“I’ve Been Putting On A Mask,” Alicia Keys Opens Talks Absentee Father & More In Upcoming Memoir
We know a thing or two about the happenings of Alicia Keys’ life. We’ve heard her thoughts on a couple of topics. But personally, I can’t say I’ve been entirely clear on who Alicia Keys is. There appear to have been a couple of evolutions over time. So there might be a bit of confusion.
And perhaps, in an attempt to clear that up and assert a manifesto, keys is writing a memoir. In an interview with PEOPLE, Keys discussed the topics she’ll cover in the book, including the fact that for a while, she felt she was living inauthentically.
“I was building my life around this image of perfection, and it was really oppressive. I was clearly a woman who wanted to talk about truth and empowerment and strength, but when I really looked at myself, I realized that my whole life I’ve kind of been putting on a mask.”
Keys, who was born Alicia Augello-Cook, said the mask came in various colors. There was the tough, tomboy persona that helped her cope with the pain of her father being an inconsistent presence in her life.
Her father, Craig Cook, who is Black, had a brief relationship with her mother Teresa Augello who is of Scottish-Italian descent.
“For me, a seed of worthlessness was planted in childhood,” writes Keys. “As well-intentioned as Craig was, and as much as he was dealing with in his own life, his absence impacted me in ways I’m still uncovering. It left a hole in me.”
But Keys had her mother there to help her navigate the potential questions she may have had about her biracial identity.
“Race was never a part of what made me feel guarded. ‘You’re the best of both worlds,’ my mother would often remind me. And she was right. Yet since my mother understood that America would compel me to choose, she raised me with an awareness that’s still intact: I am a Black girl.”
Keys spoke about being an exceptional student but getting into her fair share of trouble as a teenager.
“At any one of the shops on the street around the corner from our apartment a kid could get anything: a fake ID (like the one I used to sneak into a club called Tunnel), a fistful of blunts (I smoked my share), a pack of condoms (which led to the used one that somehow got lost under the couch on the afternoon I lost my virginity). My mother had to be strict as a matter of my survival.”
But things changed in 2001, after her debut album Songs in A Minor. And while it was a good move for her professionally, it marked the beginning of her voice being challenged.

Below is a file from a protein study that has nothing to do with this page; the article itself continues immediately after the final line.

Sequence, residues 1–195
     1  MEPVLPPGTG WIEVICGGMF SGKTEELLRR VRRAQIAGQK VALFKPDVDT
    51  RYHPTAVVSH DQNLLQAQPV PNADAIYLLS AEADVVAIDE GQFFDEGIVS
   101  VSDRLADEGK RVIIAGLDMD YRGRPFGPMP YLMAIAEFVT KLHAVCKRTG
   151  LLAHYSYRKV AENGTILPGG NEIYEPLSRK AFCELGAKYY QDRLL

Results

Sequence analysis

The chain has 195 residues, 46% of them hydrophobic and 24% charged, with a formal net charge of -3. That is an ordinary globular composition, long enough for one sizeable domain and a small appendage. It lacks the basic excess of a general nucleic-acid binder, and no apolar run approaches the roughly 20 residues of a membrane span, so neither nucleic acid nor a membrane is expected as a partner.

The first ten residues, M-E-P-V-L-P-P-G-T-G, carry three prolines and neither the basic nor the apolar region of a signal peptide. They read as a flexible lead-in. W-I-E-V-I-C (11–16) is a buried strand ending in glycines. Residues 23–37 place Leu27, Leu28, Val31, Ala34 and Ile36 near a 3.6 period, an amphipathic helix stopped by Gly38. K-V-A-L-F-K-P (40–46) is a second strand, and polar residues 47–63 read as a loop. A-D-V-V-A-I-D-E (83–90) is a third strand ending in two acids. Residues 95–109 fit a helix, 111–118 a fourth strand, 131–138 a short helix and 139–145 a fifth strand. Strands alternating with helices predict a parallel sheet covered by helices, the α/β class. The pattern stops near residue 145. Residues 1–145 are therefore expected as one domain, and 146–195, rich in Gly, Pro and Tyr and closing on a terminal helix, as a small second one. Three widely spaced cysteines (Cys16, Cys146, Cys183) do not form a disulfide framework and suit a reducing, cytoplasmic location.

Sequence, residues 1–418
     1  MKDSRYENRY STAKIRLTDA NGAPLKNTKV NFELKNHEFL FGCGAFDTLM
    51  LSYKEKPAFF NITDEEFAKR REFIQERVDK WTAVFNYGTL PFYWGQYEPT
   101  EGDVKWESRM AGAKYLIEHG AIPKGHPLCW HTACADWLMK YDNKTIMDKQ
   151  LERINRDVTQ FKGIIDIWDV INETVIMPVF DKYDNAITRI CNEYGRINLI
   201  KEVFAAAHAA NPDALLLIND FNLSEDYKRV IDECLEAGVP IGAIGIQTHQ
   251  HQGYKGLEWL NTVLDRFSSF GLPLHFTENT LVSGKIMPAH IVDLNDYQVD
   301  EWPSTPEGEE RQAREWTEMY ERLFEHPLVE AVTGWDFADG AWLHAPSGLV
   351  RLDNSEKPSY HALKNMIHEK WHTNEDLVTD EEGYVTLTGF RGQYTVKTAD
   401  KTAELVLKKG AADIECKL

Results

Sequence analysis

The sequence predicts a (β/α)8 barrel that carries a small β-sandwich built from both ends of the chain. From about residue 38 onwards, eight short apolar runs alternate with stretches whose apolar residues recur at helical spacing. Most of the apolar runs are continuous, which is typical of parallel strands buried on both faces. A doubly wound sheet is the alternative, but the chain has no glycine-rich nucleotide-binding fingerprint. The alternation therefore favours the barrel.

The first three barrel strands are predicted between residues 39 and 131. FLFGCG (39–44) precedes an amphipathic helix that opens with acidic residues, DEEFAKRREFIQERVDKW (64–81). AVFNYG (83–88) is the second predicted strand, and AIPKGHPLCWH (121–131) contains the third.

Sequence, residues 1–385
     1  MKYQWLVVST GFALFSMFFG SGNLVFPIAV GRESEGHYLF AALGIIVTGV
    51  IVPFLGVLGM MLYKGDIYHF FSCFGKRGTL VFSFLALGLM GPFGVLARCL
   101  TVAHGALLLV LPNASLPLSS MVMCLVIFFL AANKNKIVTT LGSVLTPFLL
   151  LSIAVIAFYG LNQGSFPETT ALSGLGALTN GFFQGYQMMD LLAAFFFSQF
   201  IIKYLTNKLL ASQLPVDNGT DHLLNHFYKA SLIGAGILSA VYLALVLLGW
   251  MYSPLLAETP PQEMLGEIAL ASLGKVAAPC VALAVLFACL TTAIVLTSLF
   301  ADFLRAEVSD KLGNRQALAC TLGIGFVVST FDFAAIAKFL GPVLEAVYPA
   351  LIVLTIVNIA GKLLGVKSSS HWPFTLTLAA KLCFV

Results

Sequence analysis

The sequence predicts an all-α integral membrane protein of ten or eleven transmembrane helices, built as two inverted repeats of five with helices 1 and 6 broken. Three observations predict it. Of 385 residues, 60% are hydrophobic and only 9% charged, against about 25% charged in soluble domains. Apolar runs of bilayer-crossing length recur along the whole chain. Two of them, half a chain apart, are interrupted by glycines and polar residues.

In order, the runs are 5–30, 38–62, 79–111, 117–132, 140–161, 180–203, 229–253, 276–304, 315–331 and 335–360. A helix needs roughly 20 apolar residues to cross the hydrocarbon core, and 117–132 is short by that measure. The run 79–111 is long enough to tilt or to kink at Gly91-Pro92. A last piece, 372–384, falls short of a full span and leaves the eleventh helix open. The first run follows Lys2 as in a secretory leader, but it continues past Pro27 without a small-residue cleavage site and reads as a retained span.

She spoke about a time feeling exploited during her first photo shoot.
“Open up your shirt a little,’ [the photographer] directs while firing off a flurry of snaps. My spirit is screaming that something is wrong, that this feels slimy. ‘Pull the top of your jeans down a bit in the front,’ he urges. I swallow my misgivings, tuck my thumb between the denim and my skin, and obey. On the day of the cover’s debut, I pass a newsstand where the magazine is on display. I almost throw up.’”
After five years in the industry, Keys felt a sense of “emptiness” and was close to an emotional breakdown. She took a year sabbatical and took a trip to Egypt.
By 2010, Keys married Swizz Beatz. The couple have two sons together. But Keys said she still struggled with insecurities.
“There had been one afternoon, as I was preparing to pick up Egypt from school, I threw on some sweatpants and a baseball cap as an internal deliberation arose: ‘What if someone sees me like this and asks to take a photo? And what if that picture gets posted?’ The dialogue wasn’t new. On this day, I caught myself in the middle of the neurosis, and it socked me right in the gut.”
Years later, Keys wrote an open letter about loving herself and the #NoMakeup movement.
In reference to all the masks she’s worn, Keys said, “I wasn’t fake, but I was trying to live up to all these fake ideals. It was like a habit. I had to start to break it. I feel more like an open book. That’s a beautiful thing.”